CMS Plans to Regulate Pharmacy Benefit Manager DIR Fees

December 23, 2021Articles

On Dec. 14, 2021, the Centers for Medicare and Medicaid Services (CMS) unexpectedly issued a letter to U.S. Senator Ron Widen (D-OR)[1] indicating that CMS plans to use its “administrative authority to issue proposed rulemaking” addressing price concessions and direct and indirect remuneration (DIR) fees that pharmacy benefit managers (PBMs) have increasingly charged to specialty and retail pharmacy providers in Medicare and other pharmacy benefit programs in recent years. CMS’s letter is welcome news to pharmacy providers around the country and could result in substantial disruption to a multi-billion-dollar line of fees that PBMs have previously realized.

If you or your organization are impacted by DIR fees, claw backs, price concessions, or other PBM-charged processing fees, it will be imperative to monitor CMS’s proposal. Further, your organization can take additional steps to protect its interests by evaluating methods to offset or reduce DIR fee impacts and strategies to account for what may be a monumental shift in pharmacy reimbursement methodology.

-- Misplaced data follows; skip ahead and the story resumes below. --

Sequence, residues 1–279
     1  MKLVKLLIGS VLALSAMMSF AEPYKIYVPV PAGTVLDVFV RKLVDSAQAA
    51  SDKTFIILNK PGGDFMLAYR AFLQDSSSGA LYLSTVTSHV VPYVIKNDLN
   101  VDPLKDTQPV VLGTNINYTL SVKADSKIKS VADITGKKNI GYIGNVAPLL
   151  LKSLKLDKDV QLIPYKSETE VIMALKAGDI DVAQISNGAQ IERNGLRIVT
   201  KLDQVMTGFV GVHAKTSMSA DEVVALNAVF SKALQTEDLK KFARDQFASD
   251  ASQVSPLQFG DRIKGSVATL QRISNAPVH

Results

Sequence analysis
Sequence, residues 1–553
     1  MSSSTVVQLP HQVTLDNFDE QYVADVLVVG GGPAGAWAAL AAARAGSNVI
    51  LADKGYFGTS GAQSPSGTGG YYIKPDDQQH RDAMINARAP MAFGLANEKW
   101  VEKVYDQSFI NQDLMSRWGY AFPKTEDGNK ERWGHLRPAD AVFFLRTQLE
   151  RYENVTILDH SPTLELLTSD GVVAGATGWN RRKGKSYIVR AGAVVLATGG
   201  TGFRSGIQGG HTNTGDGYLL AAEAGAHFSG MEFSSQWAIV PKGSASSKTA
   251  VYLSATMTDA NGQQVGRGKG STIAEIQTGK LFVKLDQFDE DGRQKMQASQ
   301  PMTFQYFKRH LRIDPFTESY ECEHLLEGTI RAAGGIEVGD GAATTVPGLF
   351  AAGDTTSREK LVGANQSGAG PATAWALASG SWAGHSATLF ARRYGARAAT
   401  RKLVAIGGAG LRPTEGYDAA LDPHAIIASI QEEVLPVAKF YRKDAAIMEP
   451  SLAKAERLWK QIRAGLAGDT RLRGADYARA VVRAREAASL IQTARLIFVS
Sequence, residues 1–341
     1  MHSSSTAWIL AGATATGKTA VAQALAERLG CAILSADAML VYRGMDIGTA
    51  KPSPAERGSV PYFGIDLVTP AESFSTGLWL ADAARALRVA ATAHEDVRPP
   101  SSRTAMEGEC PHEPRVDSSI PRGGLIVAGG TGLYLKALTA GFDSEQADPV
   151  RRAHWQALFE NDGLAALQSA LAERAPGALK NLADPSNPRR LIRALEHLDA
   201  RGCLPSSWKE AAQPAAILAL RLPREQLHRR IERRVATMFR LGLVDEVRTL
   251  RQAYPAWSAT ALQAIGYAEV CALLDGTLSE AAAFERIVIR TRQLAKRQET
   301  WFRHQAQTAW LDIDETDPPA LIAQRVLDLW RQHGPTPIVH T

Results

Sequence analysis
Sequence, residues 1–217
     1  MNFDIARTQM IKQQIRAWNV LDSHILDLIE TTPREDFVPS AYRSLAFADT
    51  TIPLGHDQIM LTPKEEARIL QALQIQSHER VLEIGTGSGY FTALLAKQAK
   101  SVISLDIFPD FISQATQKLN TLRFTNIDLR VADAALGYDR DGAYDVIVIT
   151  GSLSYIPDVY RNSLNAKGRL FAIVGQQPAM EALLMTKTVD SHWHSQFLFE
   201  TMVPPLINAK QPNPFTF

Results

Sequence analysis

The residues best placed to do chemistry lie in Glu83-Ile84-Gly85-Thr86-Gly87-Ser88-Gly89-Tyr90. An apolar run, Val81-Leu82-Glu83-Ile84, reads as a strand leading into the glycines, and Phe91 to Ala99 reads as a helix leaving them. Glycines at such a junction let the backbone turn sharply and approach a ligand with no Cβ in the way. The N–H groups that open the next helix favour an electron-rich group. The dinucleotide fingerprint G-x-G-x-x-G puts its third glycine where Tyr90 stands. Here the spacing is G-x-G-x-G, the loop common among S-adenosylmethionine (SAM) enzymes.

At its core, CMS’s proposal will center on DIR fees, which are essentially fees that PBMs charge against pharmacies after the point of sale and typically months after the pharmacy was initially paid for its services. DIR fees are usually charged by PBMs based upon quality and performance metrics, such as a pharmacy’s formulary dispensing adherence, although some DIR fees are simply charged as network participation (i.e., pay-to-play) fees. Remarkably, DIR fees have been a major source of revenue for PBMs and have increased by an astonishing 91,500% over the past nine years.[2] DIR fees also generally impact specialty pharmacies more heavily when compared to their retail or chain pharmacy counterparts.

Given the considerable increases in DIR fees of late, as well as their near ubiquitous use across the pharmacy benefit landscape, pharmacy providers of all types are generally supportive of CMS’s proposal. However, it remains to be seen whether CMS will also evaluate other similarly opaque fee and reimbursement practices PBMs employ such as claw backs, price concessions, and maximum allowable cost (MAC) pricing adjustments.  Further, in the event CMS chooses to regulate the imposition of DIR fees, PBMs, in turn, could also take remedial action, such as reducing overall reimbursement or increasing patient-facing charges, such as co-payments. 

Should you or your organization have any questions about CMS’s DIR fee proposal or wish to learn more about strategies to address DIR fees and other PBM-imposed charges, please contact Dinsmore’s health care or life sciences group of attorneys.